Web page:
The madness of Emperor Adriano
ItÃ¢ÂÂs not only a playerÃ¢ÂÂs skills that amaze me. IÃ¢ÂÂm also especially impressed by the enlightenment of some footballers who, when faced with trouble, look to their forefathers for counselling and guidance.
Enduring, yet again, some off-field turbulence, the bumper-sized Emperor tried to find a way to save his skin by calling upon the sagacity of a fellow ruler: Nero.
As our man Suetonius reports straight from the year 64 BC, the nutty emperor, taken by an insane desire to destroy the city, started the Great Fire of Rome Ã¢ÂÂ and, as the legend goes, played the lyre while watching it burn.
Of course Nero didnÃ¢ÂÂt feel like taking the rap for it, so he smartly decided to blame the Christians, who were burned or crucified for his deeds.
Adriano, in contrast, was doing fine. Apart from the threat of a 120-day ban for headbutting a player (which turned into a mild two-game suspension), things were going smoothly in his stint with Sao Paulo FC.
He was still far from his former brilliance, but a goal every now and then was proving enough for the fans. Last week, however, the uncontrollable forward had the heat turned on.
First, he was slammed by the club president for arriving at the airport before the Copa Libertadores match against MedellinÃ¢ÂÂs AtlÃÂ©tico Nacional wearing a T-shirt instead of Sao PauloÃ¢ÂÂs team uniform.
Ã¢ÂÂHe might be the Emperor in Rome, but here heÃ¢ÂÂs equal to others,Ã¢ÂÂ grumbled Juvenal JuvÃÂªncio, clearly unaware of InternazionaleÃ¢ÂÂs location. Not to mention clueless about the fact that the coaching staff had allowed Adriano to change his clothes on the plane.
His scolding was thus completely out of place Ã¢ÂÂ though it did an excellent job of attracting bad publicity for his recovering star player. (ThatÃ¢ÂÂs what happens when you have amateur directors in charge; unfortunately, theyÃ¢ÂÂre everywhere in Brazil.)
Next day, however, Adriano decided to flip out.
He arrived half an hour late for practice, didnÃ¢ÂÂt join his team-mates, went straight to the fitness room, quit the session a few moments later, shooed away a director who tried to get him back and left the club facilities without an explanation.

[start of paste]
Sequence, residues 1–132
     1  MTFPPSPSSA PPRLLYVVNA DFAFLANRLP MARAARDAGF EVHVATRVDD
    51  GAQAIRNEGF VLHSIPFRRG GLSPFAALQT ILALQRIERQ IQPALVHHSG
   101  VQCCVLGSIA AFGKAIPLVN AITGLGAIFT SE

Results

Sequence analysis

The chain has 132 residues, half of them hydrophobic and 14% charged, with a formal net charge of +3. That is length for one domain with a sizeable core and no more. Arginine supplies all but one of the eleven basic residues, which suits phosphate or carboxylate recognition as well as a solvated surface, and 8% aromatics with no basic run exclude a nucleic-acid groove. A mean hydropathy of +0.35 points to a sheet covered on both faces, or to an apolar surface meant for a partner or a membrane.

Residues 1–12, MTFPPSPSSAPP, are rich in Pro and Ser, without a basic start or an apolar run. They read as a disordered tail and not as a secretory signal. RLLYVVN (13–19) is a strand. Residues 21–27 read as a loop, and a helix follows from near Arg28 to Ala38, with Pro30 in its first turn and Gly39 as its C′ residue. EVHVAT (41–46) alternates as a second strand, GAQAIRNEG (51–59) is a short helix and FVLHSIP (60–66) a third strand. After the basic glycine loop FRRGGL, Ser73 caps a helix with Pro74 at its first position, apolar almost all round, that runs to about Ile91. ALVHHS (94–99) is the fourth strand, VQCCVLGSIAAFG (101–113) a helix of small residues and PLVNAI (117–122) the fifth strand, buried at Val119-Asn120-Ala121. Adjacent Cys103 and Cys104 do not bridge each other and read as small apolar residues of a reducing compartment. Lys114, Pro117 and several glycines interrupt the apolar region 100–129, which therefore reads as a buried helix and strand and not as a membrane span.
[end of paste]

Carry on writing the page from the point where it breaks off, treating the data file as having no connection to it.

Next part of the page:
His only words were directed at a photographer: Ã¢ÂÂIf you take one more photo, IÃ¢ÂÂll break you right here.Ã¢ÂÂ
Adriano was fined in 40% of his wages and had to apologise to the entire squad. And thatÃ¢ÂÂs when, to avoid another further punishment (either from coach Muricy Ramalho or the club board who had threatened to cancel his contract), he decided to pull a Nero Ã¢ÂÂ and blame the press for his mistakes.
Ã¢ÂÂIÃ¢ÂÂve fought a lot to be here. You [the press] wonÃ¢ÂÂt destroy it. I wonÃ¢ÂÂt let it,Ã¢ÂÂ he announced.
In the same statement, Adriano, who had said more than once that in Brazil he didnÃ¢ÂÂt want to be called Emperor Ã¢ÂÂ Ã¢ÂÂLetÃ¢ÂÂs leave this nickname in Italy, IÃ¢ÂÂm a new person nowÃ¢ÂÂ Ã¢ÂÂ changed his mind.
Apparently missing his old self, he commanded the journalists to refer to him as the Emperor again. Ã¢ÂÂIf I wasnÃ¢ÂÂt still Emperor, those things in the last days would not have that dimension.Ã¢ÂÂ
If that seems like plain madness, there's a simple reason why: it is.
Despite being a terrific athlete, a world-class striker and a jolly nice fella (at least when heÃ¢ÂÂs not threatening people), Adriano is once again starting to act more like a delirious emperor Ã¢ÂÂ the kind of behavior that drove him to the rock bottom at Inter.
Some say Sao Paulo is his last shot, and itÃ¢ÂÂs starting to slip away. And the worst of it is that, in Brazil, most fans Ã¢ÂÂ and even the club Ã¢ÂÂ would tolerate such nonsense if he was performing like a real sovereign on the pitch.
But a month and a half after his debut, not only has he dismally failed to find his A game but he's beginning to cause trouble. And all the while, Borges, his replacement, is coming on strong, doing what people were expecting from the star man.
Sure, the media can obey and keep calling him Emperor Ã¢ÂÂ even change his name to Adrianus, in a good old-fashioned Latin way. But it wonÃ¢ÂÂt do any good if he doesnÃ¢ÂÂt elevate his game.
It might not have happened back in the Roman Empire, but in the wild world of Brazilian football, Adriano should be well aware, even an Emperor can be thrown to the lions.